Senator Penny Wong, you are wrong on China issue!

Shadow Foreign Minister Penny Wong (on the left) and Australia's Defense Minister Petter Dutton (on the right).

Earlier this month, Australia’s Defense Minister Petter Dutton said it was “inconceivable” that Australia would not back the United States if there was a war over Taiwan, drawing a furious response from Chinese state media.

Xi Jinping proved that he meant what he said. In the past, Xi Jinping spoke about dismantling human rights in Hong Kong, Uyghurs and Macau. Xi Jinping has done it. The president of China escalated security tensions in Southeast Asia and Africa. Xi Jinping claimed Russia’s Vladivostok part of China and China is near arctic nation, although China is 13,297 km apart from Antarctica.  

Questions of Chinese strength and the U.S. weakness aside, even more disturbing is that a decision to invade can be made by one man—Xi Jinping—and he may make that decision mainly for political reasons.

On October 1, China celebrated its National Day by sending fighter jets, bombers, and other warplanes in menacing formations off the southern end of Taiwan. The flights continued day and night for the following four days, with one massive formation of 56 planes testing Taiwan’s air defenses on October 3, reported CNN news.

Given enough time and will—the recently formed “Quad” of Japan, Australia, India, and the U.S.—may generate the level of cooperation needed to keep the cost of invasion prohibitively high for Beijing. Having successfully irritated and threatened just about all of its neighbors, China is now starting to get some long-overdue pushback across the region.

Beijing’s armed forces already have the power to blockade Taiwan’s key harbors, airports and outbound flight routes, the island’s defense ministry said in a report released on Tuesday.

Tensions between Taiwan and mainland China have flared in recent months. The People’s Liberation Army sends warplanes to harass the island almost daily, and U.S. experts warn of a potential conflict across the Taiwan Strait.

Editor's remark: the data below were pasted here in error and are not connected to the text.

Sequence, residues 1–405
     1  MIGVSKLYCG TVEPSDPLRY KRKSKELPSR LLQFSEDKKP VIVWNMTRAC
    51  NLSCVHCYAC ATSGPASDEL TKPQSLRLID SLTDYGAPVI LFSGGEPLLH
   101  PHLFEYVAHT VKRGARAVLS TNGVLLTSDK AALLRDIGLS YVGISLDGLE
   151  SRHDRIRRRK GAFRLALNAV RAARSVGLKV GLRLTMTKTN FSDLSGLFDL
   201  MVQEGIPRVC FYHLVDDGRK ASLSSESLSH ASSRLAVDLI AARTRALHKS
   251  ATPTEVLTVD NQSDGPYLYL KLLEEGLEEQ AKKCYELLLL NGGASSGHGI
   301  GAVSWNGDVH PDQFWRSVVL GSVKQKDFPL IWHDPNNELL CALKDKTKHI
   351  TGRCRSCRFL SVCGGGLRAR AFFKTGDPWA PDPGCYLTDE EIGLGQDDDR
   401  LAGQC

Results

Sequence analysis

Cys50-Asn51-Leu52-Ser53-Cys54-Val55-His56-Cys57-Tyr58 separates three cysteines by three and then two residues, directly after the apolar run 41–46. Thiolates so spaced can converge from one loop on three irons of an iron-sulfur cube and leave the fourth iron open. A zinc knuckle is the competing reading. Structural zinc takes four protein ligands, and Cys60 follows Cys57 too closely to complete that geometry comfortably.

In a speech during this mock “air assault,” Chinese President Xi Jinping described Taiwan independence as a “grave lurking threat to national rejuvenation” and insisted that, while China wanted peaceful unification, “nobody should underestimate the staunch determination, firm will and powerful ability of the Chinese people to defend national sovereignty.”

The great danger is that these alternative achievements could be military. A massive buildup, particularly in naval and missile forces, has given the Peoples’ Liberation Army a new edge in the South China Sea, the Luzon Strait, and even the broader Western Pacific. If regime survival becomes tenuous at home, XI may choose to roll the military dice—possibly even attempting to conquer Taiwan.

China, the U.S., and Taiwan are now caught in a “vicious spiral,” according to Jia Qingguo, a professor of international relations at Peking University who advises the Chinese government. “The process of vicious interactions between Taipei, Beijing, and Washington resembles the forming of a perfect storm.”

Penny Wong and her remarks

Earlier this month, Australia’s Defense Minister Petter Dutton said it was “inconceivable” that Australia would not back the United States if there was a war over Taiwan, drawing a furious response from Chinese state media.

Shadow Foreign Minister Penny Wong is set to accuse Defense Minister Peter Dutton of deliberately needling China’s government and “amping up” the threat of war in a bid to improve the Coalition’s chances of winning the next election.

Earlier this month Mr Dutton said it was “inconceivable” that Australia would not back the United States if there was a war over Taiwan, drawing a furious response from Chinese state media.

She will also argue that Mr Dutton’s comments — as well as a warning from Home Affairs secretary Mike Pezzullo about the “drums of war” beating in the region — could actually feed into the Chinese government’s narrative that war or unification with the mainland is the only two options facing Taiwan.